After my extended Trek across the universe, I’ve been on a bit of a sitcom kick lately. Call it a palate cleanser. I tore through the first two seasons of The Good Place (it’s good: watch it), six of the seven seasons of New Girl (waiting for Season 7 to drop on Netflix), and, now, the first of the two existing seasons of Netflix’s Friends from College.
This isn’t something that anyone needs to watch. I’m going to put that out there right off the bat.
It’s another relationship sitcom in the same vein as How I Met Your Mother, Friends, even the aforementioned New Girl. In fact, since I just finished watching Season 6 of New Girl (after what passes as binge-watching for me of all of the seasons), that was the series I found myself comparing this one to the most. Friends from College is on Netflix, so there is more coarse language, of course, but the situations in this comedy all seem pretty familiar. In just eight episodes, this series manages to hit on many of the same topics as the Zooey Deschanel vehicle.
Party buses. Young adult fiction-writing. The usual couplings and un-couplings among friends. Weddings. Some casual drug usage. Just enough similar situations and tropes to remind me of the other series.
With one huge difference.
I expected this series to be a comedy. While there are comedic moments, they seldom continue to a resolution that is, in fact, funny. Mostly, the viewer is faced with situations that are uncomfortable, at best, and pitiable, at worst. The series has an underlying sadness, which you might expect from a story about a group of friends in their forties trying to hold on to their twenties, and a distracting sense of restlessness. None of the characters come across as likeable, even if they are relatable at times.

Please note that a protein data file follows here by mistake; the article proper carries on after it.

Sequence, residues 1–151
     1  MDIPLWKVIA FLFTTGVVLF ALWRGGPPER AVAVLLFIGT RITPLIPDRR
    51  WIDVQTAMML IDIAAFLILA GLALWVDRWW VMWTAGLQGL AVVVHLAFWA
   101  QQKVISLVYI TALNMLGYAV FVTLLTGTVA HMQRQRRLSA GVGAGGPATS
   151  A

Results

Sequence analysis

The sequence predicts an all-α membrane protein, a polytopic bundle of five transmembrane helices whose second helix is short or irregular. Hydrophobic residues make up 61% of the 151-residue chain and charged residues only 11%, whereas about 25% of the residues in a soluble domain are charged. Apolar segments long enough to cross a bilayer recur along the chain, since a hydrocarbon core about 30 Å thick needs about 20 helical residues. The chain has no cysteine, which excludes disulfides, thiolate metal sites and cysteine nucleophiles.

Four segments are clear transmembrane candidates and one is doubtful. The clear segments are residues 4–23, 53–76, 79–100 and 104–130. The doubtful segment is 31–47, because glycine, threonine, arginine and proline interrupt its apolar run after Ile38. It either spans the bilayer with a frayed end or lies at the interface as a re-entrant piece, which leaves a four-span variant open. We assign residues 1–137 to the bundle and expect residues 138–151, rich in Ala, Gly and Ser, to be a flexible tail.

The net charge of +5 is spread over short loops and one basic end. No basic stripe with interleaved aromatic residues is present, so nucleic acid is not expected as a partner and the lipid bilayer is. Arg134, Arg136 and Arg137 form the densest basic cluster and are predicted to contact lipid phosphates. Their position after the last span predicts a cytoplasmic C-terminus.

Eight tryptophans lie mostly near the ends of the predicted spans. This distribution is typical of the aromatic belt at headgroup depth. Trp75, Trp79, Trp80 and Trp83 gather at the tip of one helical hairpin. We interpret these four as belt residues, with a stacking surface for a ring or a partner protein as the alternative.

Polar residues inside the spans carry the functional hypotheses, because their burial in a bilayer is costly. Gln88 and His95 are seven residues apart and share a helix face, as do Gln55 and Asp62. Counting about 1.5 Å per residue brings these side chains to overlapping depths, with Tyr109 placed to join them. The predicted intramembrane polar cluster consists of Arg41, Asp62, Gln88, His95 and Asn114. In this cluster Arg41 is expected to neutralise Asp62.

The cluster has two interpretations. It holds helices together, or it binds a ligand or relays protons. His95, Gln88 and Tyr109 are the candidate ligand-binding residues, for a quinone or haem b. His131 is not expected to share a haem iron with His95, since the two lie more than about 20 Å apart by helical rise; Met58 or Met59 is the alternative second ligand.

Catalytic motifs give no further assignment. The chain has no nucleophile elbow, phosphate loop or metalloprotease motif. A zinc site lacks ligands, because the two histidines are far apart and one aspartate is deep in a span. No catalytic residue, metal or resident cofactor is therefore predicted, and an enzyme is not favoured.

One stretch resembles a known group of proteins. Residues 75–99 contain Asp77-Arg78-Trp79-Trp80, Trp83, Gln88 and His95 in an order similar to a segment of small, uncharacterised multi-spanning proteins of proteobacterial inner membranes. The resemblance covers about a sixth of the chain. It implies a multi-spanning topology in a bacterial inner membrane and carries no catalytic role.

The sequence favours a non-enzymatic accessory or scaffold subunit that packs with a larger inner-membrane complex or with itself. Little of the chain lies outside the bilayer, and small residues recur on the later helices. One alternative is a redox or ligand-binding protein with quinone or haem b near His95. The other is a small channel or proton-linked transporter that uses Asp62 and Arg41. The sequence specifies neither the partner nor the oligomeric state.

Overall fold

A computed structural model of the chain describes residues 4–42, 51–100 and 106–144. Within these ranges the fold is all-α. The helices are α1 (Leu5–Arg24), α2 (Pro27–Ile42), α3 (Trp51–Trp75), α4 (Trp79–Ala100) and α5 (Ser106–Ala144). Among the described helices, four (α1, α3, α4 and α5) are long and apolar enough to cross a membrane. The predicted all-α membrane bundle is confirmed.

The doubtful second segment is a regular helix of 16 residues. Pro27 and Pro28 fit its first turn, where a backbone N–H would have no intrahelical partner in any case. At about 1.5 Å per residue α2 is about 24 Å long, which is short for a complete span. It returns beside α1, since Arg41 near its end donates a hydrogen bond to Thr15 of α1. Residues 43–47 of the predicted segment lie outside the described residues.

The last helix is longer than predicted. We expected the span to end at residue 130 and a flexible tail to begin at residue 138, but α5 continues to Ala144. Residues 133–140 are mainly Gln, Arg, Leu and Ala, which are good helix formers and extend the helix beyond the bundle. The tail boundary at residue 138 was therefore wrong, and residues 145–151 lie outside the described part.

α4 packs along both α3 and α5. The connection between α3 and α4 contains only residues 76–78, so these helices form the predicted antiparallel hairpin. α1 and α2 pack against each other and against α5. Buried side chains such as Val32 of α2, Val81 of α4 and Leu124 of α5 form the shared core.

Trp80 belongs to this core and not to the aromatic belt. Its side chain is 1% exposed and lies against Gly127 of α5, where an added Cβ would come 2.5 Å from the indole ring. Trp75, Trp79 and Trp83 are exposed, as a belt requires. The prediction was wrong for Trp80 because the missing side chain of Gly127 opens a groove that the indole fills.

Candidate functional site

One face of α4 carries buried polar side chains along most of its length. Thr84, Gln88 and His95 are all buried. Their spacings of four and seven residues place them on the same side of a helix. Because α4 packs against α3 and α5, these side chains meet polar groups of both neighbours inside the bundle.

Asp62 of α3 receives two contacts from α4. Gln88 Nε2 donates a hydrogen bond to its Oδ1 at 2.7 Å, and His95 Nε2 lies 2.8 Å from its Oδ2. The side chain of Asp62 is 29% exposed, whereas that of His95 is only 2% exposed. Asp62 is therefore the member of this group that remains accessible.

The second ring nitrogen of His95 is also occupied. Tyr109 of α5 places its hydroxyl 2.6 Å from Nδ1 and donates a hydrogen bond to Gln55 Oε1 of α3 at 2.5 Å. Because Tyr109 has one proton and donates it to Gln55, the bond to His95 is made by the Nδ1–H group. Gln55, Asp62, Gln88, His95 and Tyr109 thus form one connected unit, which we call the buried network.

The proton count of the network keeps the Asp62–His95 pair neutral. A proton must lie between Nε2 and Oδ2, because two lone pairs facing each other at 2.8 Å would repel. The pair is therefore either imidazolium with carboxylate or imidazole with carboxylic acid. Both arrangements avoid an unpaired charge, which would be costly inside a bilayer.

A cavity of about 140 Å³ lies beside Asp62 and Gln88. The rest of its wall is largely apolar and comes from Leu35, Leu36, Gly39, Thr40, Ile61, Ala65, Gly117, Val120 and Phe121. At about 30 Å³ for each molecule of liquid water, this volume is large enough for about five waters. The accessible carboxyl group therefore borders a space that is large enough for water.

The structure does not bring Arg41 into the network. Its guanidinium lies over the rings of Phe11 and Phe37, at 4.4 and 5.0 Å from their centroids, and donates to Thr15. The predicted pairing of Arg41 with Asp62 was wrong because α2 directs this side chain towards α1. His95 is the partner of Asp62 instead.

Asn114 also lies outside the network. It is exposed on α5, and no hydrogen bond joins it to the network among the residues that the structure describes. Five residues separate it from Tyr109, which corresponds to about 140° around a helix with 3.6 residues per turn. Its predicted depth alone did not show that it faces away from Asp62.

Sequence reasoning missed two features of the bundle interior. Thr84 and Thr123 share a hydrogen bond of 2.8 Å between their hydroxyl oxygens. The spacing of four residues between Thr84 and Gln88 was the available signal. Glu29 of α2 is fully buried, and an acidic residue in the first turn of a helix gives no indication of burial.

New Girl was a comedy with some dramatic moments. Friends from College is . . . well, something else. Not quite a drama, and certainly not a comedy. Just . . . something else.
The creator of Friends from College is Nicolas Stoller, the director behind the movies Forgetting Sarah Marshall and Neighbors. While I’ve never seen Neighbors, I remember feeling the same way about Sarah Marshall that I do about this series. I found it interesting at times, with some funny moments, but could never fully identify with the characters or, to be honest, care what happened to them. As a person who prefers character-driven stories, this is a bit of a dealbreaker for me. The situations can never be fully impactful if I don’t care about the characters involved in them.
This doesn’t mean I don’t like the actors involved here. Keegan-Michael Key, as Ethan, and Cobie Smulders, as his wife Lisa, are doing their best with the material they have to work with, although Key’s manic schtick manages to get old even in only eight episodes. Nat Faxon turns in another great low-key performance, this time as trust fund baby Nick who doesn’t work and dates women half his age. Fred Savage continues to leave The Wonder Years behind as Max, the gay friend in the group who lives with a partner, Felix, played by the always funny Billy Eichner. Even my two least-favorite of the “friends,” Sam (Annie Parisse) and Marianne (Jae Suh Park) turn in good performances. I have to add honorable mention to Greg Germann as Sam’s beleaguered husband as well.
It’s simply a matter of the whole not being greater than the sum of its parts. There’s just not much humor to mine from the long-term affair between Ethan and Sam behind their spouses’ backs, or from Ethan and Lisa’s attempt to have a baby. Ethan’s shift from writing literary fiction to young-adult werewolf fiction has its funny moments, but is, again, mostly sad. Plus, as is usually the case, Ethan seems to be one of those television or movie authors who rarely seems to write. When any of the characters is off-screen, I didn’t get the feeling that they still existed. I can write some of that off to this being the freshman season and the fact that the characters haven’t been fully fleshed out yet. Another reason for this feeling is that all of the characters are supremely selfish and even they don’t seem to believe the other characters exist when they’re not around.
This may seem like a harsh criticism. I suppose it is. This series should be better than it is. I intend to watch the second season in that frame of mind. It’s just got to get better than this.
The bottom line: Friends from College is long on pathos and bathos, but comes up short in the laughter and ethos departments.
Season 1 Report Card: C-minus